Biomass power plants provide tremendous opportunity to help address some of California’s urban, agriculture and forest wood waste disposal challenges. Yet why at a time when we need it most are so many shutting down?
Just last month, we received word that California forests now have more than 102 million trees killed by bark beetle and the drought. And those numbers are expected to increase as tree mortality marches north.
As many scramble to remove trees in high hazard areas that threaten homes and power lines, California’s infrastructure to process and dispose of these trees is limited. Most trees killed by insects cannot enter a mill and be made into wood products because of the low value material. The remaining options to safely and efficiently dispose of the waste are minimal. While most agree that we should remove the excess waste from the forest floor to prevent catastrophic wildfire, the debate on what to do with it continues.
We can open burn it, which can release greenhouses gases into the atmosphere and create air quality concerns. We learned this lesson in 2007 when we stopped agriculture open burning in the San Joaquin Valley because of air emissions from the burning piles. This does not support the State’s greenhouse gas reduction goals, which have been signed into law. Burning it in the open when we have greener alternatives seems ludicrous.
We can pay to ship our waste stream across state lines or out of the country, often times to be buried in landfills. California landfills have diversion goals that cannot be met unless we get wood out of them. About 15-20% of material sent to landfills is recoverable and usable urban wood that could be used as biomass.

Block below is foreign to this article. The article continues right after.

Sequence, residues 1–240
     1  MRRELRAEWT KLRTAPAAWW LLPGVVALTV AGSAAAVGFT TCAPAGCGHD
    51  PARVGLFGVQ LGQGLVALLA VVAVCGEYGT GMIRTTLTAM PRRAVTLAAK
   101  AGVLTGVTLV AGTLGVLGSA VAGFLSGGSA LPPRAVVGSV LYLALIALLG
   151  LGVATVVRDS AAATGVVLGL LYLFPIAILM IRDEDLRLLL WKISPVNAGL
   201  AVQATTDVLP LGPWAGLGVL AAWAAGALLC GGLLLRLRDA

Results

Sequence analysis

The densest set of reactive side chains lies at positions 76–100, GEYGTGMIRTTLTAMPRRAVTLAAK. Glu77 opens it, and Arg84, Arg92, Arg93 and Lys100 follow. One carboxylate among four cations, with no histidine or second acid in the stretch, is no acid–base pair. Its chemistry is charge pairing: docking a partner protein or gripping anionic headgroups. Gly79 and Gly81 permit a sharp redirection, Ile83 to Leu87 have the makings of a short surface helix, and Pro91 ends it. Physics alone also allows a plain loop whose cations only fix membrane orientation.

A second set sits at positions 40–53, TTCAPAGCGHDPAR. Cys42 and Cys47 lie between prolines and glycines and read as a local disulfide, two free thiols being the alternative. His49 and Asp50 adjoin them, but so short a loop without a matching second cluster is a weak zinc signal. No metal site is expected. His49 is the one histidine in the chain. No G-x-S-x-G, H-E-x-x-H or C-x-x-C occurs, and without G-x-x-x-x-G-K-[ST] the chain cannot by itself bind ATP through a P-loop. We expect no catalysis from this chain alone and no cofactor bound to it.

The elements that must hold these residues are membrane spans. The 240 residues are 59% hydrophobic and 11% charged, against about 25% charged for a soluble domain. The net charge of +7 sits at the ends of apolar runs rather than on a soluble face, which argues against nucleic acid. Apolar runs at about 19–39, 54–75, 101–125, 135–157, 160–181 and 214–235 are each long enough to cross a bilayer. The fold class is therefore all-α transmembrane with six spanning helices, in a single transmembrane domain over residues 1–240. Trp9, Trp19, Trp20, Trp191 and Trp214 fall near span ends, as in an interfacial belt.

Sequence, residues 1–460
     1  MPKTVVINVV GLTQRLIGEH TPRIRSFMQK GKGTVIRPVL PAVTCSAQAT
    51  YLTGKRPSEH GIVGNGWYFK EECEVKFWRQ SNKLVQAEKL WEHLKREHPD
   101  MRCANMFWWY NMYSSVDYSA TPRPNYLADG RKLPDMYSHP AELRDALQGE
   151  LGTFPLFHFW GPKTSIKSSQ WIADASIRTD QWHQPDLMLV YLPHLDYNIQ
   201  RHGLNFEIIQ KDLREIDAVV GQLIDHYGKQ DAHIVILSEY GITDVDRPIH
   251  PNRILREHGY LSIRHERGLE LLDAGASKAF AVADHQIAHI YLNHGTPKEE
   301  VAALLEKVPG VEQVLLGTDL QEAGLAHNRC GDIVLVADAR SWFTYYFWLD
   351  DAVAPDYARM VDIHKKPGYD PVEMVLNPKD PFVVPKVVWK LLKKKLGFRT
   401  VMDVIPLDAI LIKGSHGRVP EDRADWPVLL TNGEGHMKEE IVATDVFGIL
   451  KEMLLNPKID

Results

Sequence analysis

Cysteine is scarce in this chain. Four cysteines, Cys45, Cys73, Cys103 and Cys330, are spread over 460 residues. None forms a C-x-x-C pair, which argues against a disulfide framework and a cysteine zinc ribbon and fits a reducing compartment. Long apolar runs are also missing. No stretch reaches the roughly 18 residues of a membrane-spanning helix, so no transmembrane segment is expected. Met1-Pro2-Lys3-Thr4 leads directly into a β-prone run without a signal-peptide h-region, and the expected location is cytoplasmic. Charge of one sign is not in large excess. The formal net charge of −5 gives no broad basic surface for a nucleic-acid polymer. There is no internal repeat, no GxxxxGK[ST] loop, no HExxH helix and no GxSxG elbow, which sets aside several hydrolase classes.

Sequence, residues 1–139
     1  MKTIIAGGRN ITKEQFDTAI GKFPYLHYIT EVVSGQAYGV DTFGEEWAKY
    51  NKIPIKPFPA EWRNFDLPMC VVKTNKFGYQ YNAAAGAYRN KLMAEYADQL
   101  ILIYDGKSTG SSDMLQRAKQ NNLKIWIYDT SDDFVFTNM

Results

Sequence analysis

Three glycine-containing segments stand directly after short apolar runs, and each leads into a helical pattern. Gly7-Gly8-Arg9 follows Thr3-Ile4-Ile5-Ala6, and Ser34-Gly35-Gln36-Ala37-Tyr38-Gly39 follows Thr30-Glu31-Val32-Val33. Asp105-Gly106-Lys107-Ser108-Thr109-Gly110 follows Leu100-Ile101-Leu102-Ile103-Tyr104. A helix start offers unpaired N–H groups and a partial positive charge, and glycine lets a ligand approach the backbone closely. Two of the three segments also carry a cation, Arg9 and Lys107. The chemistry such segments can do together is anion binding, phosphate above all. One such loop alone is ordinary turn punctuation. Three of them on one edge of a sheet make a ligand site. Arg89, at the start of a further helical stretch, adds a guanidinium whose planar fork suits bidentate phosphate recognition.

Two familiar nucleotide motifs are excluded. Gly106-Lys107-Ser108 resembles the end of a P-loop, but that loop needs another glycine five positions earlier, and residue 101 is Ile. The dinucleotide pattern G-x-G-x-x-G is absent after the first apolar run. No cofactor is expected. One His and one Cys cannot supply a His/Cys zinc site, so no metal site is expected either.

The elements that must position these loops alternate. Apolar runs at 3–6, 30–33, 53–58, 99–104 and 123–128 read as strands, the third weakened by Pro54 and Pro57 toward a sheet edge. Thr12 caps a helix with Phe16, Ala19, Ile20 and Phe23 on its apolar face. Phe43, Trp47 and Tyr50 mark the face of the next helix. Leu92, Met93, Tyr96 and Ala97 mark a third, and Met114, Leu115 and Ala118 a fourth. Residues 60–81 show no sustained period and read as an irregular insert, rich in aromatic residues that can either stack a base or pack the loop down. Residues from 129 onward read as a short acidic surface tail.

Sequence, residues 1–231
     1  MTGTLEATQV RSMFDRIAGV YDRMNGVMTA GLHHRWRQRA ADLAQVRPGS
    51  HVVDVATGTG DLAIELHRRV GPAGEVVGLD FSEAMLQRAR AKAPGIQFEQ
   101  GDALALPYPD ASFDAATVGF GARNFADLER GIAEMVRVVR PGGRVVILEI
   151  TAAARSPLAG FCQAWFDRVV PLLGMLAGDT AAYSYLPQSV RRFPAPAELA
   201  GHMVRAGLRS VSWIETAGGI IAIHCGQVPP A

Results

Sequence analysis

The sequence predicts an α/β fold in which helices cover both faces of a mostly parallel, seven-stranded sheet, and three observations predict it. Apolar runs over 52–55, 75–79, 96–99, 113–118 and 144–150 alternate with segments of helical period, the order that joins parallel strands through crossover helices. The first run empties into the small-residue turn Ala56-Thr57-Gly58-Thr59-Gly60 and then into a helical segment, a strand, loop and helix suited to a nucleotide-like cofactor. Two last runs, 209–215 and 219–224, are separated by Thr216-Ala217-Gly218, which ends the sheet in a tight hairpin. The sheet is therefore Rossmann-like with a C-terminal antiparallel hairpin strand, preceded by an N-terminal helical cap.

We can leave it in the forest to decompose or get burned when another wildfire comes through. However, the methane emissions from decomposition over the next 30 years will be enormous. Methane is at least 25 times a more potent greenhouse gas than carbon dioxide.
Or we can take woody byproducts, agricultural waste and urban demolition wood, and burn it in a high pressure boiler to produce steam, which turns an electric generator and creates renewable energy.
This process reduces pollution by up to 98 percent when compared with open burning, and at the same time produces enough clean renewable energy to power 600,000 California homes and businesses every year. California has monetized the value of reduced air emissions; in the case of biomass power versus open field burning, the environmental monetized benefit is 11 cents/kilowatt-hr.
Biomass power is part of the solution and should be seen as a key contributor to reducing greenhouse gases under AB 32; increasing the use of renewable energy to meet the State’s Renewable Portfolio Standard; and, complying with the Governor’s Emergency Proclamation on tree mortality.
Yet, at a time when we need it most, biomass power plants are closing down. Of the 60 built in the 1980s, 20 remain and 9 have closed down in the past 2 ½ years.
They are shutting down because of antiquated contracts that do not cover their costs. Most were in long-term contracts that are expiring and not being renewed because of the cost to produce biomass.